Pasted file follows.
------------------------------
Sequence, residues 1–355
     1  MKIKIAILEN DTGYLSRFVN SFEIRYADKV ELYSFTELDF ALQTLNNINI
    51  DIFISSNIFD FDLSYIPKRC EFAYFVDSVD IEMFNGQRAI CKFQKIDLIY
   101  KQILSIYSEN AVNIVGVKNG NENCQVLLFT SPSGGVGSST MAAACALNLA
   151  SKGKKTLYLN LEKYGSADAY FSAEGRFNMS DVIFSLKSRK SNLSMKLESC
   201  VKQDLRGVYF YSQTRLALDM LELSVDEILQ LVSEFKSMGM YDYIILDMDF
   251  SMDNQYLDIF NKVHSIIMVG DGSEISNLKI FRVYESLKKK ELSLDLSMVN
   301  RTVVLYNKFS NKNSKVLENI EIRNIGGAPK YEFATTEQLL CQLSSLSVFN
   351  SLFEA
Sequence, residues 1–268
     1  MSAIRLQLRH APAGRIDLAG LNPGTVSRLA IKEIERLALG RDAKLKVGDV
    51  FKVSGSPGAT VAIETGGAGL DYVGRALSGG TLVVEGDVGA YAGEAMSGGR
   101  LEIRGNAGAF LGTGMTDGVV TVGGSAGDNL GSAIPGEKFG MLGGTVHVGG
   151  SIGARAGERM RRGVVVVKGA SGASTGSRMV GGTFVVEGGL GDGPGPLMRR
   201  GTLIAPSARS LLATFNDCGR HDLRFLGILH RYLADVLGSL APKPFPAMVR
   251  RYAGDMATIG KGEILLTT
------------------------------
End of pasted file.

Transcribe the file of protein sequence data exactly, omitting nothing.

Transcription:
Sequence, residues 1–355
     1  MKIKIAILEN DTGYLSRFVN SFEIRYADKV ELYSFTELDF ALQTLNNINI
    51  DIFISSNIFD FDLSYIPKRC EFAYFVDSVD IEMFNGQRAI CKFQKIDLIY
   101  KQILSIYSEN AVNIVGVKNG NENCQVLLFT SPSGGVGSST MAAACALNLA
   151  SKGKKTLYLN LEKYGSADAY FSAEGRFNMS DVIFSLKSRK SNLSMKLESC
   201  VKQDLRGVYF YSQTRLALDM LELSVDEILQ LVSEFKSMGM YDYIILDMDF
   251  SMDNQYLDIF NKVHSIIMVG DGSEISNLKI FRVYESLKKK ELSLDLSMVN
   301  RTVVLYNKFS NKNSKVLENI EIRNIGGAPK YEFATTEQLL CQLSSLSVFN
   351  SLFEA
Sequence, residues 1–268
     1  MSAIRLQLRH APAGRIDLAG LNPGTVSRLA IKEIERLALG RDAKLKVGDV
    51  FKVSGSPGAT VAIETGGAGL DYVGRALSGG TLVVEGDVGA YAGEAMSGGR
   101  LEIRGNAGAF LGTGMTDGVV TVGGSAGDNL GSAIPGEKFG MLGGTVHVGG
   151  SIGARAGERM RRGVVVVKGA SGASTGSRMV GGTFVVEGGL GDGPGPLMRR
   201  GTLIAPSARS LLATFNDCGR HDLRFLGILH RYLADVLGSL APKPFPAMVR
   251  RYAGDMATIG KGEILLTT